The title of this post is a question that we’ve been asking ourselves since we started Retraction Watch in August, and that others have asked us since. And we’ve gotten different answers depending where we look:
- In our first post, we cited a study that found 328 retractions in Medline in the decade from 1995 to 2004.
- A study by Elizabeth Wager and Peter Williams, which we cited in an early post, found 529 between 1988 and 2008.
- A 2009 analysis by Thomson Scientific, at the request of Times Higher Education, found 95 in 2008.
So the real number is a) probably somewhere between 30 and 95 and b) increasing — which isn’t as precise as we’d like, but is hardly the fault of the various people who’ve tried valiantly to count.
Well, we may be a step closer to precision, sort of. A study published today in the Journal of Medical Ethics found 788 retractions from 2000 to 2010, which means the number is something in the 70s. We say “something in the 70s” since it’s not clear whether from the paper whether 2000-2010 was 10 years or closer to 11. [See update at end of post.]
The fact that the number is probably higher than 30 is not surprising to us, since it squares with our highly un-representative sample of 42 we’ve reported on over the past three-plus months. Annualized, that would be about 150, although it’s impossible to say whether we hit a particularly high rate as we started blogging.
Nature’s Richard van Noorden — who alerted us to the study — took apart one particular claim in the paper in a blog post that’s worth a read. van Noorden was puzzled by this line: “American scientists are significantly more prone to engage in data fabrication or falsification than scientists from other countries.” As van Noorden notes, the paper’s author, Grant Steen, had based on the fact that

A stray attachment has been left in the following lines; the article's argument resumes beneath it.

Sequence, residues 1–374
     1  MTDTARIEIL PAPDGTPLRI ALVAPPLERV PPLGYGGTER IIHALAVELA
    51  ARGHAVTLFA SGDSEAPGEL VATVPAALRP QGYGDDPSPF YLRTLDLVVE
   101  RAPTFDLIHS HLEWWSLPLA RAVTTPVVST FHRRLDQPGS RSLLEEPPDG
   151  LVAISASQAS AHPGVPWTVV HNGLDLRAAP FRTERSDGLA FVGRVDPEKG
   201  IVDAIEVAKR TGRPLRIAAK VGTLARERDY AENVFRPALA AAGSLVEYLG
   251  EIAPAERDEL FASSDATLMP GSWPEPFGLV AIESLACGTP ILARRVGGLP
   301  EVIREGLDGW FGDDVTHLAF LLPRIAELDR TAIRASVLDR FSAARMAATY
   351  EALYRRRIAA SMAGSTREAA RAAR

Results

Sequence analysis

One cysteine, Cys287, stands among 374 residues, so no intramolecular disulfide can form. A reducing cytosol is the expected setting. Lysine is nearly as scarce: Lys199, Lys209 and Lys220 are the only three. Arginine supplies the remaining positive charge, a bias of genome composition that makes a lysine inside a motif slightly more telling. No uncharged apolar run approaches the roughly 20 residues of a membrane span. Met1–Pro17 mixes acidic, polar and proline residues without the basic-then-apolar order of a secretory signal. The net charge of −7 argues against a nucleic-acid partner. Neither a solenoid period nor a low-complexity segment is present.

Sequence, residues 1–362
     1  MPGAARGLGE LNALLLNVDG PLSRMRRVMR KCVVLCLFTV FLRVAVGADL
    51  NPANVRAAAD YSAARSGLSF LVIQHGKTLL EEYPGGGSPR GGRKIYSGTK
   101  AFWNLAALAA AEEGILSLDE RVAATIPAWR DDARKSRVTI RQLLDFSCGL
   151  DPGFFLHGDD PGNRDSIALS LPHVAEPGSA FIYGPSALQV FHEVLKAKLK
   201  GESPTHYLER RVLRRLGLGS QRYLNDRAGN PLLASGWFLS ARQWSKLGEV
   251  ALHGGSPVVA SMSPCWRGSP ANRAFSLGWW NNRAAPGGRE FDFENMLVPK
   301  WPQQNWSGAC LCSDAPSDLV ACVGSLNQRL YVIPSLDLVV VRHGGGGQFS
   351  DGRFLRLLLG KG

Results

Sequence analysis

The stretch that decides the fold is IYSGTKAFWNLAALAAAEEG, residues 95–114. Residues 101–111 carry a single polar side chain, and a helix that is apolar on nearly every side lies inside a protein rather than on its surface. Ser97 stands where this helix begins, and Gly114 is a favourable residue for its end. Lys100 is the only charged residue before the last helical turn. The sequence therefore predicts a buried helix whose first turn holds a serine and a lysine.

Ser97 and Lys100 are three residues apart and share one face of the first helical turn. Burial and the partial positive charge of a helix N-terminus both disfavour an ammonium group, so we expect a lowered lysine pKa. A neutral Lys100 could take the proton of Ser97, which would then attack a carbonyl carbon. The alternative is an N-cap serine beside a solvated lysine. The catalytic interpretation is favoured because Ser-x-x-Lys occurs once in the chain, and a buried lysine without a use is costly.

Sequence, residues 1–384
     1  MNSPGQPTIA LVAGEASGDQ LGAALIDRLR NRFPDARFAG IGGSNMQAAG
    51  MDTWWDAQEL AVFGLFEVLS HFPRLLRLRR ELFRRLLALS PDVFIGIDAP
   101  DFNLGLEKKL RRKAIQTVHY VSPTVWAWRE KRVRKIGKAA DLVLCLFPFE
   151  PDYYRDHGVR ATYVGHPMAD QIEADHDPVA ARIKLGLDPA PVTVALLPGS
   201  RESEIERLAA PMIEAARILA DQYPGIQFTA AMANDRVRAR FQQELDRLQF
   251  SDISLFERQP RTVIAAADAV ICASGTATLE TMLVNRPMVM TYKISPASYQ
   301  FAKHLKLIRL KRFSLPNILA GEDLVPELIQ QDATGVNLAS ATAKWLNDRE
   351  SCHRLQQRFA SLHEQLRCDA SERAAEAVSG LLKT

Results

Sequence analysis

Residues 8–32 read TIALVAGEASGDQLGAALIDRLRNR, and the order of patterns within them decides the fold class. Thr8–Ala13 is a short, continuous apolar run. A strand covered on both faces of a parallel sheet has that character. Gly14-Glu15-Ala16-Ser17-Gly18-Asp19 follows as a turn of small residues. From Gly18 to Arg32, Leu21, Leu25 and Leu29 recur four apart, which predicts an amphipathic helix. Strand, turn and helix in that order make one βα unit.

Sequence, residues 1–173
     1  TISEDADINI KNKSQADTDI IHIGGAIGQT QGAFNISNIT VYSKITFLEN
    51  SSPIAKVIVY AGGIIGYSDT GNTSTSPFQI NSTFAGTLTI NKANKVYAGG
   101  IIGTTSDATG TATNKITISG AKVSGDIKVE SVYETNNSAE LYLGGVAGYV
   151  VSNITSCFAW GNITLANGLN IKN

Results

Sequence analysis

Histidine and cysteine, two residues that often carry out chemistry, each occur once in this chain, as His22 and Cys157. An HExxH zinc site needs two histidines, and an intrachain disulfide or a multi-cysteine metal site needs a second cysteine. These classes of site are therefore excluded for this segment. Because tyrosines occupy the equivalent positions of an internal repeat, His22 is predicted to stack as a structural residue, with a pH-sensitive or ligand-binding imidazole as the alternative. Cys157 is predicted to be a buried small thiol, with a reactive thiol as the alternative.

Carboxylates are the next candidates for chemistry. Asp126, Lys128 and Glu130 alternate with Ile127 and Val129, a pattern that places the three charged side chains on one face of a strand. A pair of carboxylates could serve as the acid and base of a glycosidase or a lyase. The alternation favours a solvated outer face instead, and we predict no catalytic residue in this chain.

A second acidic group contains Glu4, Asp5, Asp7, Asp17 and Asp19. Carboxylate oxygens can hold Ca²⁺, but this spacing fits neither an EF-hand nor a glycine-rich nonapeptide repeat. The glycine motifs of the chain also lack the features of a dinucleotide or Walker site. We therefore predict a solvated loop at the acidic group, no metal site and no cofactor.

retractions by US authors have a high fraud-to-error ratio (a third of US retractions were due to fraud rather than some sort of mistake).
But this does not mean that any US scientist is more likely to engage in data fraud than a researcher from another country. Indeed, a check on PubMed publications versus retractions for frauds suggests that s/he may be less likely to do so (though the statistical significance of this finding has not yet been tested).
Read van Noorden’s post for that analysis.
Our own “expression of concern” — we don’t mean that in an official way, and we genuinely appreciate any effort to quantify retractions — was over this line: “13 papers were retracted because of an error at a journal office.” We find that hard to believe, since we’ve already unearthed five such cases in less than four months — read about them here, here, and here. So 13 over the preceding 10 years seems too few. But like van Noorden, we’ll have to reserve judgment until we’ve done a more rigorous analysis.
Will we have to retract that concern?
Update, 10:50 a.m. Eastern, 11/16/10: Steen responded to a few questions we sent him by email:
I found 788 retractions listed on PubMed for the calendar years 2000 to 2009 (10 years in total). Not surprisingly, few papers published in 2009 were retracted in this sample, but a large number of papers from prior years were retracted in 2009.
The rate of retraction definitely increased year-by-year over the period I evaluated. In your blog you quote James Parry, acting head of the UK Research Integrity Office (UKRIO), as saying that the increasing rate of retraction “might reflect a real increase in misconduct or, more likely, an increase in detection compared with 20 years ago.” This is probably true, as plagiarism-detection software has had a fairly major impact at some journals. But there’s another factor to consider; editors may be reaching farther back in time to retract, compared to years past, in an effort to purge the literature of false science.